As thousands of aviation geeks, (oops, sorry, "enthusiasts"), hang out at this week's giant AirVenture airshow in Oshkosh, Wisconsin, the folks at Disney brought a gift: a sneak preview Friday night of the movie "Planes." This is Hollywood's answer to the wildly successful animated film "Cars." "Planes" aims to celebrate the same passion for travel across skyways that "Cars" did for highways.
Obviously, it's a safe bet many avgeeks will like it -- it's about planes! But are they gonna respect it?
Although aviation enthusiasts tend to appreciate authenticity, attention to detail and accuracy, let's remind ourselves that this is a fantasy movie about planes that talk. With that in mind, when it comes to the aircraft, does the movie bear any resemblance to reality?
Well, yes, according to Sean Bautista, a veteran pilot who consulted on the film.
Bautista, who has flown planes ranging from small Cessnas to fighter jets to Boeing 747 airliners, spoke with CNN from his home in California's central San Joaquin Valley about his work on "Planes," and he pulled back the curtain to reveal a few behind-the-scenes details.
"Planes" consultant Sean Bautista has flown small aircraft, commercial airliners and has served in the Air National Guard as an F-16 fighter pilot.
CNN: What does this film offer adult aviation enthusiasts? What can they look forward to?
Sean Bautista: At a screening for aviation enthusiasts I went to, the general comments were that, in the air, it was probably the most accurate aviation movie they've seen. That includes animated and non-animated movies. But as you watch the movie after a while, I forgot they were airplanes. You get so into the story.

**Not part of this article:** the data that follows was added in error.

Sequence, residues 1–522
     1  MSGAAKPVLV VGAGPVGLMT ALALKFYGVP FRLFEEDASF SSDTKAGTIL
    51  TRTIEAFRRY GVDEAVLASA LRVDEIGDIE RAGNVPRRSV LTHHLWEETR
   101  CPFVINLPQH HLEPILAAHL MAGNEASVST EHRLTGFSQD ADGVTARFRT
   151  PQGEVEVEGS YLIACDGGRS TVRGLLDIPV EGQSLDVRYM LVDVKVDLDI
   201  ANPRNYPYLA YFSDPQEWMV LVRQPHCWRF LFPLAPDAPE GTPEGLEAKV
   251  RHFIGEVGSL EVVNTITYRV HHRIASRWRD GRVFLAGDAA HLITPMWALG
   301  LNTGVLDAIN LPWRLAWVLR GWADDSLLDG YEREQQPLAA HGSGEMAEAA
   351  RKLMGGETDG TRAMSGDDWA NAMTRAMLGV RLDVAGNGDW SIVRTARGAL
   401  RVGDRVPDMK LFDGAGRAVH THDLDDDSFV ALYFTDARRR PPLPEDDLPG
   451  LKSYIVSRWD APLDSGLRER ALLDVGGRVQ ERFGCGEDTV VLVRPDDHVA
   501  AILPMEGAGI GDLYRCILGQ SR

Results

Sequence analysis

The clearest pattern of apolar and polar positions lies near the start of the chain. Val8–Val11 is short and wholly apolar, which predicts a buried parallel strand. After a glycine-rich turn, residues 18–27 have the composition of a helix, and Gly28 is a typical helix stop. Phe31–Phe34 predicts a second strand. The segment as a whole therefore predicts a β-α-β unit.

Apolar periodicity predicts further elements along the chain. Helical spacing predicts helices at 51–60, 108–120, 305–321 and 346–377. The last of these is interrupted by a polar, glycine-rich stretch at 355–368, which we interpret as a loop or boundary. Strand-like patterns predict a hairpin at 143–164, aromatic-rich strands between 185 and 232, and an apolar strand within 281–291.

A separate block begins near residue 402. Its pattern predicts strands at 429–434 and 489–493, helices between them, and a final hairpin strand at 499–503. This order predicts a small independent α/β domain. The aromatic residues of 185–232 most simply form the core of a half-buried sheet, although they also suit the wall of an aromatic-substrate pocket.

Of course, it's not completely realistic. One thing they did with the movie that's really unique: On the ground, the airplanes are characters. ...
"Jetman" Yves Rossy flies at 6,500 feet with a winged jetpack next to a B-17 bomber in Oshkosh, Wisconsin.
But in the air, with John Lasseter executive producing and Klay Hall directing -- they really pushed for accuracy. These have to be airplanes. They have to fly like airplanes. They have to move like airplanes. We can't have them go faster than they would in real life compared to other airplanes. So they really did a good job of holding true to the aviation world. They really did go to great pains -- even down to the dialogue, the radio transmissions and everything -- to keep it as accurate as they could.
CNN: Spill the beans: What inaccuracies did you notice? And what did the filmmakers change because of your comments?
Bautista: Early on (in the production), I was spending hours watching reels. I would have page after page of comments. I looked at everything, from toys to artwork to script to story to dialogue, everything.
I would (point out things that were inaccurate), and it would start affecting the story. And when that happens, everybody including Klay Hall and the writers gets involved in it.
For example, Dusty is a crop duster who dreams about being a racer. The problem is: A crop duster is slow by design. So Dusty is physically limited, and he's going to be racing against planes that can go four times his speed. So how do you get around that? It was challenging. I'd say, 'Well, first you've got to get rid of the spray boom on the bottom (of the plane).' There's so much drag from that. In the movie, they treated that almost like a vasectomy. He doesn't want to lose valuable body parts. And I thought that was a pretty hilarious way that they did it. He needed to reduce drag, increase power -- and I don't want to give away too much -- but there was a lot they had to work around.
At one point (the filmmakers said), 'OK, (Dusty's) racing an airliner ... to train himself.' And I'm like, 'That particular airliner he will never, ever, ever be able to catch. You need to change that airliner to a commuter turbo prop pulling in the opposite direction so it's eating headwinds ...